A Time For Killing

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A TIME FOR KILLING, soiled upon audiences in 1967, was originally titled The Long Ride Home.  Roger Corman was slated to direct, but Phil Karlson, fresh from the naughty success of The Silencers (and a few years before kicking over Hornets Nest) took on the decently budgeted ($2m) western. You could change the title from here to Venus, and  replace Karlson with John Ford but with a script this bad it would still stink.

Rebel prisoners escape from Union captors, out West, taking a pretty hostage along. Yankees follow. Everyone suffers. Brutish, anachronistic (hair styles suggesting the nineteen rather than eighteen sixties), confused, horribly edited, with a crummy score, totally out-of-place comic relief that’s anything but comic, and pants so tight on Rebel bad-guy-captain George Hamilton that he looks like he’s going to a disco instead a desert.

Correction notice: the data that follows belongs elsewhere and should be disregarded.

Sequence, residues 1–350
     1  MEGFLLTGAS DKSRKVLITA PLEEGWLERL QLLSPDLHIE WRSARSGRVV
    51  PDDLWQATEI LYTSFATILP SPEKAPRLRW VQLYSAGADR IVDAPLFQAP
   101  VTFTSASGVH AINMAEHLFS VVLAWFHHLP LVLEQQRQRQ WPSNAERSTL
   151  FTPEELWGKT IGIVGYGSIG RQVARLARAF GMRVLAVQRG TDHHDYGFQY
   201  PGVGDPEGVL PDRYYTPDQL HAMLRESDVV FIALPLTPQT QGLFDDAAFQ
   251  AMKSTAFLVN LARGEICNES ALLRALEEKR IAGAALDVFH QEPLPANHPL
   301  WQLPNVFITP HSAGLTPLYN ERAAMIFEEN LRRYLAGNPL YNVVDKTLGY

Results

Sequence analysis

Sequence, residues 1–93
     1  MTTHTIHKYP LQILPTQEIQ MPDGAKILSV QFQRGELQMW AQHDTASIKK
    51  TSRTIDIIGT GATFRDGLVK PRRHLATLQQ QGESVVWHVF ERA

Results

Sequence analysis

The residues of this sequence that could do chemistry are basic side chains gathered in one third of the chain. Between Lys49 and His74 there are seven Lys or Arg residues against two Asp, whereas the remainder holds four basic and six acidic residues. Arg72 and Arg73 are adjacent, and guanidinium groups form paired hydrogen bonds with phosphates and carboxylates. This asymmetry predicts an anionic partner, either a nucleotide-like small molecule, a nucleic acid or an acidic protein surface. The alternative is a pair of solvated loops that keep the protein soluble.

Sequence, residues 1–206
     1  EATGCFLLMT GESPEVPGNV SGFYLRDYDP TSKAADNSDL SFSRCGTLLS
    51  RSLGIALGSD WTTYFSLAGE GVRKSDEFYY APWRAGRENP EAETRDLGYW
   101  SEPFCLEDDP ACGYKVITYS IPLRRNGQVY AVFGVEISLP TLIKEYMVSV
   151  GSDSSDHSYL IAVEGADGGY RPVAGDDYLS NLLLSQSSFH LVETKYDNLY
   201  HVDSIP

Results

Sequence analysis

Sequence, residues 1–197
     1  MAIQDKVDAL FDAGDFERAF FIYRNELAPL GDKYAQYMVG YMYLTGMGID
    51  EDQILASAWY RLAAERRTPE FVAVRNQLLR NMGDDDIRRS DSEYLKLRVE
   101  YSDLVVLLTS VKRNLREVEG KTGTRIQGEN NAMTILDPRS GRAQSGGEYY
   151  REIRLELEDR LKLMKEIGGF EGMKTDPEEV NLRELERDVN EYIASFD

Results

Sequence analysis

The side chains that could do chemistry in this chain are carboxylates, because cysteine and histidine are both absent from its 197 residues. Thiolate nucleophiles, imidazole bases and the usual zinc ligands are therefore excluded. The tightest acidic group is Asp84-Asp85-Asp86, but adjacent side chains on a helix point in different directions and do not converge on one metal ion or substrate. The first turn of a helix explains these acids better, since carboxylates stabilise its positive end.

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They realize people might actually see this movie.

Glenn Ford looks plain fed up—this was the first of five dud oaters in a row that he starred in. Inger Stevens, who gets jarringly roughed up by Hamilton (did we really need the spur raked across her back?) is wasted, in the first of four downer westerns within two years that she obliged to decorate: FireCreek, Hang ’em High and Five Card Stud are hardly worth recall, but all are better than this travesty.

Paul Peterson, unleashed from The Donna Reed Show, is on hand (with little to do), and there’s Todd Armstrong (hey, where are those Argonauts?), Kenneth Tobey, Timothy Carey, Harry Dean Stanton, Emile Meyer (so good as ‘Ryker’ in Shane, here barely able to deliver a line properly).  A 25-year old Harrison Ford is one of the Yankees.  Best/worst has to be Max Baer, who leaves them all in the dust, going anti-Jethro ballistic as an alternately giggling or raving lunatic-buffoon—it’s almost a cult-worthy effort, but the rest of the movie is just too excruciating to handle.



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